"The Bill and accompanying regulations underpin the Government's plan to assign a 16-digit unique identity number to every Australian, along with all doctors, allied health providers and healthcare organisations from July 1, as the first step towards broader uptake of e-health systems, including personal health records..." (read the article)
DENVER (CBS4) ― Every minute spent on the Internet sends a message about the user. Every posting is public and every interaction can be tracked. Now several websites are collecting all of that information and more and making it available to almost anyone.
Meghan is like most people when it comes to using the Internet. She shops, she socializes and she searches information. She didn't want her last name used in an effort to protect her privacy. When Meghan found her personal information all on one website, she got concerned.
"It's scary to me that someone can know my name and then just find my address and a picture of my house, the names of my parents, my family," she told CBS4.
Very soon you will be able to walk down the street and have a stranger take a sneak picture of you and he will be able to pull up your file through facial recognition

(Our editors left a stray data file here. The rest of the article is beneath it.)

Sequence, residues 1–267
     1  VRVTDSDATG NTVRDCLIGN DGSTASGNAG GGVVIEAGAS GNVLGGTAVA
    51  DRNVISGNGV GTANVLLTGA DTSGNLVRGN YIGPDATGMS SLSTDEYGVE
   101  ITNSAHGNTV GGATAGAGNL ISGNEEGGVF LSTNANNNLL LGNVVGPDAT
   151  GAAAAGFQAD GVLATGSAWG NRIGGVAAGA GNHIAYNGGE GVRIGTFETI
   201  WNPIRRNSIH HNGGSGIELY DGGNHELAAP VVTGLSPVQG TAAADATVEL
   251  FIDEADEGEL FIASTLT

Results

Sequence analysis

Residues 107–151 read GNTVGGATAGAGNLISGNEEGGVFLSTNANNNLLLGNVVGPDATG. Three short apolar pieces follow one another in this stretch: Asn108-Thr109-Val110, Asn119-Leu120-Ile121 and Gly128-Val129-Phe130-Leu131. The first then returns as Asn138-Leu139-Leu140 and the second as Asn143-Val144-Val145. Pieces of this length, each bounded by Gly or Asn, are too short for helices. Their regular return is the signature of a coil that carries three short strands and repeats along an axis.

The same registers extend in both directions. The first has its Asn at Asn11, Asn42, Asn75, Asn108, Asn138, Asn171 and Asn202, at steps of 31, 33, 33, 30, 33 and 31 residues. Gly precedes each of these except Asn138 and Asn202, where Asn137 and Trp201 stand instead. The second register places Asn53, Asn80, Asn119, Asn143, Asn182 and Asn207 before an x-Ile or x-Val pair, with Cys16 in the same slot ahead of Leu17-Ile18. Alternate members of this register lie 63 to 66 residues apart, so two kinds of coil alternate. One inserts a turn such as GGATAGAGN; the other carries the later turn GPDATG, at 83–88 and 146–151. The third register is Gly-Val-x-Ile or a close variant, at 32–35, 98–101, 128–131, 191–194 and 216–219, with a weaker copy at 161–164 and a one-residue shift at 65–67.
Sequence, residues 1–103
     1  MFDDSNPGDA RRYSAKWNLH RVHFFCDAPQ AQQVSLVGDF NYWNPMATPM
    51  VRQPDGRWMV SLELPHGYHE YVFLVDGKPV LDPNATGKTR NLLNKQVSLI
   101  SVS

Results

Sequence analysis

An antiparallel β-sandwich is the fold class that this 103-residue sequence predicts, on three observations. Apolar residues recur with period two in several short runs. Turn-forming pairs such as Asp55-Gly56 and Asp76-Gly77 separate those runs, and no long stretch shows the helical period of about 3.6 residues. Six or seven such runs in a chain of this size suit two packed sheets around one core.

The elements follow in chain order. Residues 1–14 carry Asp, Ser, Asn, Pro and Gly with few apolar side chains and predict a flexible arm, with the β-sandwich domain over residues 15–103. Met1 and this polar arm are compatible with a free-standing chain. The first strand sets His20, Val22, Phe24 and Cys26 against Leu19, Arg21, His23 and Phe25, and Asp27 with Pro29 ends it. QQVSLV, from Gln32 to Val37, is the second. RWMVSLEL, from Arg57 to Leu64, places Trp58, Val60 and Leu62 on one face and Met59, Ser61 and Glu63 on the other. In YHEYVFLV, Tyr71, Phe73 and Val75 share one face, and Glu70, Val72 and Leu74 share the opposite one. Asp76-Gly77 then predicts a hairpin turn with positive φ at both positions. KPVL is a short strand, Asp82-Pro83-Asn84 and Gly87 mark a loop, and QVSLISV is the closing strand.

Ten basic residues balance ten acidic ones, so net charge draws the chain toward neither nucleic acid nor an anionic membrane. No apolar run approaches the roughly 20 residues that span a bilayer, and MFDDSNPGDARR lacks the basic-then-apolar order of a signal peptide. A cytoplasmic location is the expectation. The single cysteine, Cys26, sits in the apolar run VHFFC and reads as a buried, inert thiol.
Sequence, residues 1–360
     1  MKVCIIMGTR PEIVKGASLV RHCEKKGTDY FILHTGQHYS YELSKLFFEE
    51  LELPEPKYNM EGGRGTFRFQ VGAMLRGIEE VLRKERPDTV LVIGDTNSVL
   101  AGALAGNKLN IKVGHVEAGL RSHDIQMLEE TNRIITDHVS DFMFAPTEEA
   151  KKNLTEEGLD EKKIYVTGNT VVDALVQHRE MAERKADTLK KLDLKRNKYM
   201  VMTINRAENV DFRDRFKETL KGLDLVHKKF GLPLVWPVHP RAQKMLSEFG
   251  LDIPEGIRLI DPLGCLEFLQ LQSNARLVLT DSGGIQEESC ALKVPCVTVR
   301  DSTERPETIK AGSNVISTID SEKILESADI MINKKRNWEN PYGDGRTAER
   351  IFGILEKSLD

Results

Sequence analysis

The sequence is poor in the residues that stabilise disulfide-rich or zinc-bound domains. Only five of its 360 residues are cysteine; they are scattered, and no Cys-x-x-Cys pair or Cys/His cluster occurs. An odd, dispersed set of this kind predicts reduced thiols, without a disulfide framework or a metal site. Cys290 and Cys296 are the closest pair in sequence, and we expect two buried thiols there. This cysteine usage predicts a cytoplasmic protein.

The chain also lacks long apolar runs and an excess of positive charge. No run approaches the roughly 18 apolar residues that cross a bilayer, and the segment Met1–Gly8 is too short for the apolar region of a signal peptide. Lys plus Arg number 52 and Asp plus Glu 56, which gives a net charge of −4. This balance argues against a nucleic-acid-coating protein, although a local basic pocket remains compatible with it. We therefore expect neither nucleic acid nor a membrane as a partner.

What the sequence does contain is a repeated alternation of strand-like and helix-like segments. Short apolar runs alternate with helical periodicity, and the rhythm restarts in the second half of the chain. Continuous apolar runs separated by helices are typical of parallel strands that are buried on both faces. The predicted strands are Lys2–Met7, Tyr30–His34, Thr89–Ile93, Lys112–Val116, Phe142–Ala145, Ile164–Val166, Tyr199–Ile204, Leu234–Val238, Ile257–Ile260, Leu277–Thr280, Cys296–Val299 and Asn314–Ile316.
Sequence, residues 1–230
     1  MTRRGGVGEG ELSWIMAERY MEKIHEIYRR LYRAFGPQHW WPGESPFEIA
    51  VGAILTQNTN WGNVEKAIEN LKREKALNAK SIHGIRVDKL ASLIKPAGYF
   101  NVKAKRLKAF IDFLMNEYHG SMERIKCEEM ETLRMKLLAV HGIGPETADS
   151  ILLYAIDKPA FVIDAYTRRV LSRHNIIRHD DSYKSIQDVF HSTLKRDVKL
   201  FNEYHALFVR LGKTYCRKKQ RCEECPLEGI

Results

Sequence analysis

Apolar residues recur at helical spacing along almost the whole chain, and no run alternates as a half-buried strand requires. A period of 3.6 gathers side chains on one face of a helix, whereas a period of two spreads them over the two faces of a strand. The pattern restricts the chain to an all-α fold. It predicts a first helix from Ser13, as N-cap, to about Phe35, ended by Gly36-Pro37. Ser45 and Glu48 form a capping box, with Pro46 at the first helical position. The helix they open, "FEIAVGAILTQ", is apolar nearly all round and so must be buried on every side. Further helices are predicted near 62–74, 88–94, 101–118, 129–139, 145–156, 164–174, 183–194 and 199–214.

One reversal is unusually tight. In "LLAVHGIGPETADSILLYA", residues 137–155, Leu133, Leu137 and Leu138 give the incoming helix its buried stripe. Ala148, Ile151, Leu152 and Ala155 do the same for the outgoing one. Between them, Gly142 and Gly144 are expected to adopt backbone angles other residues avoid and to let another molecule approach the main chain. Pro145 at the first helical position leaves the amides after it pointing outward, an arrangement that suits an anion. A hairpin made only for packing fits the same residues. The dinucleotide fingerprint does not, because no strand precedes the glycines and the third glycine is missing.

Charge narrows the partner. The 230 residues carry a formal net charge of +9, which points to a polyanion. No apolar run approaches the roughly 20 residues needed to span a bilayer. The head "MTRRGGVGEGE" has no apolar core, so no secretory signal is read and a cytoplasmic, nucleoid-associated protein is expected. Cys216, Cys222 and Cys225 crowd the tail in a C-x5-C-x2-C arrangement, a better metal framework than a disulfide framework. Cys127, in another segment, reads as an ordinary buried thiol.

"Facebook founder Mark Zuckerberg called his first few thousand users “dumb fucks” for trusting him with their data, published IM transcripts show. Facebook hasn’t disputed the authenticity of the transcript. Zuckerberg was chatting with an unnamed friend, apparently in early 2004. " The exchange apparently ran like this:
Zuck: Yeah so if you ever need info about anyone at Harvard
Zuck: Just ask.
Zuck: I have over 4,000 emails, pictures, addresses, SNS
[Redacted Friend's Name]: What? How’d you manage that one?
"Google Inc. said an internal investigation has discovered that the roving vans the company uses to create its online mapping services were mistakenly collecting data about websites people were visiting over wireless networks.
The Internet giant said it would stop collecting Wi-Fi data from its StreetView vans, which workers drive to capture street images and to locate Wi-Fi networks. The company said it would dispose of the data it had accidentally collected.
Alan Eustace, senior vice president of engineering and research for Google, wrote in a blog post that the company uncovered the mistake while responding to a German data-protection agency's request for it to audit the Wi-Fi data, amid mounting concerns that Google's practices violated users' privacy."